Liberty Journal

Making an impact: Student voting critical to Liberty's future

Spring 2012 : By Ron Brown

Student voters are already having a positive impact on Liberty University’s future.

“We have registered a lot of students who have voted locally over the past several years,” said Mark Hine, Senior Vice President for Student Affairs.

Since students started voting locally, university representatives have found that local government officials seem more responsive to local issues that could impact students.

Recent discussions between Liberty and Lynchburg officials about a zoning designation for the University seem to be concluding without public contention.

The city has essentially agreed to designate Liberty with an institutional zoning status that restores many of the freedoms and property rights the University had when it first relocated near Liberty Mountain.

Liberty argued that it is uniquely located because it does not border residential communities like other colleges in Lynchburg.

While many university officials support Republican candidates personally, Liberty as an institution is not concerned about the party affiliation of City Council candidates.

“Our objective was not to put in Republicans over Democrats,” said President and Chancellor Jerry Falwell, Jr. “Our objective was to have students participate and for the City to have an incentive to address Liberty student needs. Fortunately, that is exactly what has happened.”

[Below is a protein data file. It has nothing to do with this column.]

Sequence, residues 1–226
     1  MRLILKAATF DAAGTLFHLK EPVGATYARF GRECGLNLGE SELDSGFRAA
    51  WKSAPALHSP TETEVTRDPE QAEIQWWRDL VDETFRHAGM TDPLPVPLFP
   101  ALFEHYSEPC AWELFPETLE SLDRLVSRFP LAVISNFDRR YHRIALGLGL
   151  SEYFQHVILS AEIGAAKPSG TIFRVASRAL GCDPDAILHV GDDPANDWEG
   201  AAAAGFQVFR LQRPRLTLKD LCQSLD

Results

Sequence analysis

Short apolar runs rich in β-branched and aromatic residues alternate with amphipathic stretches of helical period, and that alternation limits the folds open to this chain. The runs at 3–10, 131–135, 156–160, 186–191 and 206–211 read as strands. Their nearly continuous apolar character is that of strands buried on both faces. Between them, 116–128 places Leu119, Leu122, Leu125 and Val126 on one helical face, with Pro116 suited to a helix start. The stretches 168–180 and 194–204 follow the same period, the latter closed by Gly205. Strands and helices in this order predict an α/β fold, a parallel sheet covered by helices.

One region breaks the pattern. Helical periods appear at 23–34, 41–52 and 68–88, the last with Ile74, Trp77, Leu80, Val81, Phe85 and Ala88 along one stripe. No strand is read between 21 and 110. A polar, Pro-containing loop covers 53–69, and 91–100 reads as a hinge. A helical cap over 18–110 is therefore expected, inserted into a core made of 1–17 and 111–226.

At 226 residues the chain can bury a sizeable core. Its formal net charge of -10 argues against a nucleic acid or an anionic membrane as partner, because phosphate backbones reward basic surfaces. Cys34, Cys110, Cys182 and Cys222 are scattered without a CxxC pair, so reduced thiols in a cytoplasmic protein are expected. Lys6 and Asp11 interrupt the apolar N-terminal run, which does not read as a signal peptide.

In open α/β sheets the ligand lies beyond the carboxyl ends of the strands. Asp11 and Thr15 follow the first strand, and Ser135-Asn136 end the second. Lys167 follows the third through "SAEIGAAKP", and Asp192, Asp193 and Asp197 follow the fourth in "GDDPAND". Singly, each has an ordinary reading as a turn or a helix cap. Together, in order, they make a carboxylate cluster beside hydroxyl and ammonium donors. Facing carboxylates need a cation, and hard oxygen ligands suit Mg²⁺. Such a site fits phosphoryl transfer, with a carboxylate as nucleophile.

Falwell said student voter participation helped garner the new pedestrian bridge over Wards Road and a new pedestrian tunnel underneath the railroad tracks, two projects that will greatly enhance student safety.

“What matters is that our students are voting,” he said. “When our students vote, Council is responsive to their concerns.  This proves that representative democracy works and, if our students stay involved, they will be treated as first-class citizens.”

The political reality is that the bulk of the city’s sales tax revenue has been generated in and around Liberty for years. Students pay a hefty portion of the sales and meals taxes authorized by City Council.

Before students started voting, there was a lag of urgency in addressing infrastructure improvements in key corridors, such as Wards Road, that surround the University.

The City recently paid Liberty $1.3 million after agreeing to join Liberty in constructing a pedestrian bridge over Wards Road.
“The students have benefitted from voting in a big way,” Falwell said.

In addition to the infrastructure improvements, Liberty students have benefitted from structural changes, such as Council’s decision to place a new voting precinct on Liberty’s campus. Liberty’s off-campus students also have an opportunity to influence the decisions of council members citywide.

As Liberty students actively vote, their influence is also felt by representatives at the state level, who are key decision makers in infrastructure improvement, such as roads.

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